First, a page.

Comedy is hard to do. It takes a specific skill set to be funny and consistently reinvent yourself as a comedian and come up with new jokes for your fans to want to continue listening to your specials or watch your content. Few comedians can do what Ramy Youssef accomplishes in the third season of Ramy. Not only is the season the best comedy of the year, but it’s also the most impactful and emotionally devastating television series I’ve seen all year. Every actor is at the top of their game, particularly May Calamawy and Laith Nakli. They all give passionate performances and continuously prove themselves as some of the best performers working today.
There are a few appearances from well-known stars in the season, including Bella Hadid, who makes her acting debut as Lena. Of course, the less said about her character (and other surprises that Youssef successfully hid from its promotional materials), the better. However, if she wants to pursue her acting career further than her recurring appearance in Ramy, she would do a great job.
If you’re not watching Ramy, what are you waiting for? With May Calamawy blowing everyone away as the Scarlet Scarab in Marvel’s Moon Knight, I convinced many of my friends (and family members) to tune in and watch the previous two seasons. They were all blown away by its masterful writing, performances, fantastic score from Dan Romer & Mike Tuccillo (alongside pitch-perfect needle drops), and genuinely funny comedy.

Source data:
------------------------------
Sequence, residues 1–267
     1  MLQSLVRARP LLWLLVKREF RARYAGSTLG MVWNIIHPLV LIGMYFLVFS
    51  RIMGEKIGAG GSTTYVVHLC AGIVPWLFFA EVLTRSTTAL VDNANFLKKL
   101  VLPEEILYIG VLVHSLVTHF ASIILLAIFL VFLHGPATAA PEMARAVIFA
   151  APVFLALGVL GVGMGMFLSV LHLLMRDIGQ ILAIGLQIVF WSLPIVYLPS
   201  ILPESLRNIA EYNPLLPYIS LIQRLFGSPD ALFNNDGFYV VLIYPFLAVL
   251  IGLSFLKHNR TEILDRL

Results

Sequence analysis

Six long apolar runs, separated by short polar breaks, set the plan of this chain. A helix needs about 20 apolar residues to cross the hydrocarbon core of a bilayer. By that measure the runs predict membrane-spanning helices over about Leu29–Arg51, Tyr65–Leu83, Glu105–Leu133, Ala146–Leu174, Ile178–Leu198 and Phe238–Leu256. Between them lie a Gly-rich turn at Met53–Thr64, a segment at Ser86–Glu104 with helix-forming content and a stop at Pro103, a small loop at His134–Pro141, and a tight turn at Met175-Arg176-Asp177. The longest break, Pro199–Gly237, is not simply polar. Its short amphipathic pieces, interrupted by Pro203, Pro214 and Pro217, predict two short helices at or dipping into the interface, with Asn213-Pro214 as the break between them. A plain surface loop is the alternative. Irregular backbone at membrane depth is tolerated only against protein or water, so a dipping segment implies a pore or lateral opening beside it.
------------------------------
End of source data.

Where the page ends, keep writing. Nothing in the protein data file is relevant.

Season three of Ramy has all of those things and more. What Youssef accomplishes in this season alone is comedy television at its best and most poignant. There hasn’t been a show quite like Ramy. We should all be eternally grateful for its existence and for Ramy Youssef, May Calamawy, Hiam Abbass, Laith Nakli, Mohammed Amer, Amr Waked, Dave Merheje, and Steve Way for sharing their talents on screen. They deserve the world and our appreciation.
All episodes were screened for review. Season three of Ramy premieres September 30 on Hulu.